Trios

Aaron Trio (left) and his father, Steve (middle), receiving their water certification.

MAPLETON, Minn. – Uncertainty in the marketplace is creating even more uncertainty in the fields. With a disappointing drop in the markets following the most recent USDA report, it makes it difficult for farmers like the Trios to decide whether or not to invest anymore inputs into this year’s crops, even as pests start to emerge.

“We’re checking fields lately to start spraying fungicide and (pesticide),” said Aaron Trio. “We did a little, a couple fields, but we haven't really got it but too much done.”

Soybean aphids are starting to pop up in the fields along the river bottom and tree lines, which is where they seem to start every year. The aphids overwinter in the wooded areas and move into the closest soybean fields when ready.

The Trios have sprayed about a third of their soybean fields, really focusing on the fields that have heavy aphid populations.

“For everybody, it's been a tough call as to how much money to spend with beans being what they are for prices,” said Steve Trio. “We’re putting it on our better-quality beans and still pushing for those yields.”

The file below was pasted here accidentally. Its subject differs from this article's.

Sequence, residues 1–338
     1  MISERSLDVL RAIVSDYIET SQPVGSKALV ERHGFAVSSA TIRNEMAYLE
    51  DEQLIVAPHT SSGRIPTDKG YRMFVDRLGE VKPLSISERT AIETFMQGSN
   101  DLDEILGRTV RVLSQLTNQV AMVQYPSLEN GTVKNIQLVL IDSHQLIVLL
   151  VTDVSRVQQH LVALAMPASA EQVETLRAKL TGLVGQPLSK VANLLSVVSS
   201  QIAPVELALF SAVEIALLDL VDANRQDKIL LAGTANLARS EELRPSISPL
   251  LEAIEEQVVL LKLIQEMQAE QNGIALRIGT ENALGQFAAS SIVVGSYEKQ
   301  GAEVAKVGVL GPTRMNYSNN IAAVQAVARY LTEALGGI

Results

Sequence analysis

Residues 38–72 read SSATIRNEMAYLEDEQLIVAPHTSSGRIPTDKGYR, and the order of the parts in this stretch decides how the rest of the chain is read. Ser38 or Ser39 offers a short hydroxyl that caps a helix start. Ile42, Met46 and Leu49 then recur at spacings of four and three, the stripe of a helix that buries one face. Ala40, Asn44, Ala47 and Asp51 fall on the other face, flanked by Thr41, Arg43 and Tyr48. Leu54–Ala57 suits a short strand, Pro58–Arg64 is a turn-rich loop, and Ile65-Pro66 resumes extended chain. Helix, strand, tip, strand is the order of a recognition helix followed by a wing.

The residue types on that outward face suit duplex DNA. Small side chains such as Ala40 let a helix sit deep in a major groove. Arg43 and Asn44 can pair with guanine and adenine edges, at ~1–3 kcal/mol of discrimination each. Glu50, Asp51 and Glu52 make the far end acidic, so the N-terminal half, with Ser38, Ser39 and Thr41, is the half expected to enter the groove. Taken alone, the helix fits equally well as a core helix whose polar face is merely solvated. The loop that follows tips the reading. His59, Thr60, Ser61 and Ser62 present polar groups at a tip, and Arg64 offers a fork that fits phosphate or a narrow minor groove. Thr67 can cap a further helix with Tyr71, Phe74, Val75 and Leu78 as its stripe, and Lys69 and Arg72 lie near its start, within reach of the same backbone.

The aphid populations were really sporadic in the fields. The Trios would come to a plant that was covered in them, 150-200 aphids, too many to count. Then, the next one wouldn’t have any.

Where they did apply insecticide, it seems to have been affective.

“We are using an insecticide that has a residual, so we hope it'll carry us for a while and hopefully we don't have to respray along the woods and stuff, which is common for guys to have to do,” Steve said.

On the corn side, everyone in the area seemed to cut back on fungicide applications, the Trios included.

In addition to stopping fungal growth, there is a plant health benefit to a fungicide. They tend to push yields even if there are not major fungal disease pressures in the fields.

They did spray some fields, but focused on the fields where the return was more likely.

“Everybody is just wondering, what was the right decision?” Steve said.

“We don’t really know if the payback will be there this year,” added Aaron. “Time will tell.”

Of course, the season is not over yet. There is good weather in the forecast, warm with a few shots of rain, and the crops still have time to grow and produce yield.

“We're getting these nice little shots of rain here ourselves, other spots maybe they're getting too much, but we're getting these nice quarter inch, half inch rains, which is why we need to mow the lawn every morning,” Steve said.

While they don’t have any yield predictions yet, Steve did comment that the beans are looking very good in his area.

The corn is more dependent on when it was planted and the type of ground it went on. Some fields will need more time than others, so everyone is just hoping for a late frost.

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